The One Where Clay Goes to New York
E.B. White once said that no one should come to New York unless they are very lucky. Through the University of Tennessee, I had the opportunity to go on a trip to New York City December 11-21 for a course titled, Drama in New York, and I feel very, very lucky. The course allowed me to see eight shows and journal about my experience, with a research component due the following semester—and by doing this I will attain a three-hour course credit for an upper-level English class. From the moment I stepped into the city, I knew this was going to be a special place for me. I felt at home in a city that was 890 miles away. What I didn’t know was that the next ten days were going to be some of the best (if not the best) days of my life.
I have loved theatre my entire life and strutting down the streets of Manhattan on my way to a Broadway show had always been a dream of mine. That dream became reality my first day in the city. My friend and I visited the Statue of Liberty before a matinee of King Charles III, but upon our return we took the wrong train and wound up on the opposite side of the city. Suddenly, we became the movie of the guy and girl running through Times Square asking everyone for directions (because naturally in New York City both Google and Apple maps cannot be trusted). We arrived with a minute to spare, and after catching my breath, I realized how thrilling the city is (even during stressful situations). I did not know anything about King Charles III, but I was blown away with the bold content of the story and the brave portrayals of the Royal Family; I walked away with a desperate urge to research and learn all there was to this play. This post-show feeling was not an anomaly.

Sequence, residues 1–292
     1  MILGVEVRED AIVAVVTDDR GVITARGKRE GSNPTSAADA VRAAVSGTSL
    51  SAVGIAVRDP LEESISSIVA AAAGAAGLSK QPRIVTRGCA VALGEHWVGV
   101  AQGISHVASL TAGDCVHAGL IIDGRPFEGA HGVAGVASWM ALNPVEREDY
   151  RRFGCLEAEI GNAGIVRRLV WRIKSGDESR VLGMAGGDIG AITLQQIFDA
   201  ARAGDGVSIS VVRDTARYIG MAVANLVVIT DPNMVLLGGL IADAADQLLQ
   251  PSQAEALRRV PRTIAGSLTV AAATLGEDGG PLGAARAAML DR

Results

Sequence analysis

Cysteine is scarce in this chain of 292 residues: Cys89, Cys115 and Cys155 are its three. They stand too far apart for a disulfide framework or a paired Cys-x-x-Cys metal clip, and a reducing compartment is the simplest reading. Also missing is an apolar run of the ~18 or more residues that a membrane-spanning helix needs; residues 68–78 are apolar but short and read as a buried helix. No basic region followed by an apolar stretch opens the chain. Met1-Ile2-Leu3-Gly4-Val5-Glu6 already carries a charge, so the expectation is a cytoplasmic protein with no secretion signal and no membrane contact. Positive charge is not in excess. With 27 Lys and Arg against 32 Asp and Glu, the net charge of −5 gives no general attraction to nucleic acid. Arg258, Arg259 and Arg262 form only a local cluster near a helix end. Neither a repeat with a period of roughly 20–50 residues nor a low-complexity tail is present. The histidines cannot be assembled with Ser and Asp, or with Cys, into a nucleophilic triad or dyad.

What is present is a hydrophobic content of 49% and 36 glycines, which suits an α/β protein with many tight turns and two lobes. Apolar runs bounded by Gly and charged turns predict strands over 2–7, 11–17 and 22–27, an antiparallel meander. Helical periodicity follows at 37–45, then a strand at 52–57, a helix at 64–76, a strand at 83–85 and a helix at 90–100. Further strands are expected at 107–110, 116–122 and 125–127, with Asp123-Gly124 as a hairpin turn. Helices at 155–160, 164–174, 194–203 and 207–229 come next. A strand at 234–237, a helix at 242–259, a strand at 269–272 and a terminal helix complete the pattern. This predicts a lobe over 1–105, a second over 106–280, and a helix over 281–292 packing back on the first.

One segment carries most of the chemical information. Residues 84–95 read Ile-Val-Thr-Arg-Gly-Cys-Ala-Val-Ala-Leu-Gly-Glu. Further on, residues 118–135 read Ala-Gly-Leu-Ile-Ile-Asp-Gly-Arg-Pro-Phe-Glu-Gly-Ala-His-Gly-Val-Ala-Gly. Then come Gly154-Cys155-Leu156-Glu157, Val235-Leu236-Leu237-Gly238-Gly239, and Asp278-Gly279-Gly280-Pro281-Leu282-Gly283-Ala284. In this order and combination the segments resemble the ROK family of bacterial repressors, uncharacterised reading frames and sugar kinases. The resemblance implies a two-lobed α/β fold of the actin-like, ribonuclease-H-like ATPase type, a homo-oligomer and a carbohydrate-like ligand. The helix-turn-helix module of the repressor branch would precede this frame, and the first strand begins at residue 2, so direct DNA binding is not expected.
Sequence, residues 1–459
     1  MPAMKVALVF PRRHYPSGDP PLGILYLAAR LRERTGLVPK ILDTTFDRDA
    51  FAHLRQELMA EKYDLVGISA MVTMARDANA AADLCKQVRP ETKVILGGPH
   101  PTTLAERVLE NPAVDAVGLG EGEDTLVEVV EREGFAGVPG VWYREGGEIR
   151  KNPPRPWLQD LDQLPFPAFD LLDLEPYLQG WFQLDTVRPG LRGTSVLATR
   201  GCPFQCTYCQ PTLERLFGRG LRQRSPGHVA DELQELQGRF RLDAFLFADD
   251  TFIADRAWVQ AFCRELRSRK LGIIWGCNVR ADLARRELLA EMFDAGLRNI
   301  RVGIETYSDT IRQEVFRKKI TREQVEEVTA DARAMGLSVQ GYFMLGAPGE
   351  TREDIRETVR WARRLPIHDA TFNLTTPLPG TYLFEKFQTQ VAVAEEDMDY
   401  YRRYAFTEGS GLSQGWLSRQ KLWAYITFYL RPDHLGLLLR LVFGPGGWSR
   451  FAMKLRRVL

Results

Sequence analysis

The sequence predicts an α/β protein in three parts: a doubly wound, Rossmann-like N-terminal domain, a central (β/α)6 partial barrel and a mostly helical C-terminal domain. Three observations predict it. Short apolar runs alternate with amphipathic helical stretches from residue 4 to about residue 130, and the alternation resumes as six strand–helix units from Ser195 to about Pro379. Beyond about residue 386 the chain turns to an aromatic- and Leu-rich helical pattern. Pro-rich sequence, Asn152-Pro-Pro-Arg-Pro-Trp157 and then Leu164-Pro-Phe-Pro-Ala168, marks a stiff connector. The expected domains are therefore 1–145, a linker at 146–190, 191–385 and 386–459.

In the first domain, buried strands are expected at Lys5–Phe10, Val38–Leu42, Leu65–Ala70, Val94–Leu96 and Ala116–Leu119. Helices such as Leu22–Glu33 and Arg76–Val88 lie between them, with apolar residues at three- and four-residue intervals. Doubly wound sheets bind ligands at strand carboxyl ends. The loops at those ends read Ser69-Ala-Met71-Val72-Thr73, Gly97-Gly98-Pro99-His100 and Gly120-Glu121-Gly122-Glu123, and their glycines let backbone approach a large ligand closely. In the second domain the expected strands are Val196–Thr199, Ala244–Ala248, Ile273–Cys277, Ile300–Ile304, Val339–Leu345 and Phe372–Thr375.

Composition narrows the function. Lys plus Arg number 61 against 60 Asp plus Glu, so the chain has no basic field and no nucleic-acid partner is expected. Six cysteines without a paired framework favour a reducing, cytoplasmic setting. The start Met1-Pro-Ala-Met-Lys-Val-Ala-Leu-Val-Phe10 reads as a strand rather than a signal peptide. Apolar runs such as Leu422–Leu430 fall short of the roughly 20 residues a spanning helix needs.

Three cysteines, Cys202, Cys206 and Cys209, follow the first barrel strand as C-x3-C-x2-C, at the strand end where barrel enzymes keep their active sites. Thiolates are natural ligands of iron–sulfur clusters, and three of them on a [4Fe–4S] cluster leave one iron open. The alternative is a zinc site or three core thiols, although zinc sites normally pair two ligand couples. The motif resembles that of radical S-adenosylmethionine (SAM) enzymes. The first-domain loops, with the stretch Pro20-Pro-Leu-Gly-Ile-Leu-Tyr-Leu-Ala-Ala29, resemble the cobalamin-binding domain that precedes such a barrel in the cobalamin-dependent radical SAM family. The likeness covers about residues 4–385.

As the following week progressed, I was mesmerized by Phantom of the Opera and grief-stricken in Fun Home and The Flick. I was astounded by UT alum Conrad Ricamora’s performance in the current production of The King and I. On another day I had frontrow seats to The Tonight Show where Jimmy Fallon hugged me (and I was even seen a few times on the broadcast), followed by an astonishing performance of Hamilton. This is a revolutionary show that A-list celebrities cannot even get tickets to, yet Dr. Misty Anderson, the UT professor leading the trip, was able to find a source who could get all twenty of us tickets (with great seats, too). Within minutes of the show starting, we quickly understood what all the hype was about. After nearly every Broadway show I saw, an even deeper passion for theatre than I ever thought possible ignited within me.
I was originally worried that going to New York City for the first time for a class might restrict my experiences, but I could not have been more wrong. This course opened my eyes to what felt like an entirely different planet, and I feel privileged I could venture on this journey with such incredible peers, too. Now that I have had a chance to reflect on the trip and the city, I have a feeling I’ll be back for good someday to make my life and make my way, but for today I’ll remember and enjoy these incredible memories. As a future educator, I feel blessed to have this opportunity and cannot wait to one day bring back what I learned to the classroom.
(If you would like to see some of my pictures from the trip, click here)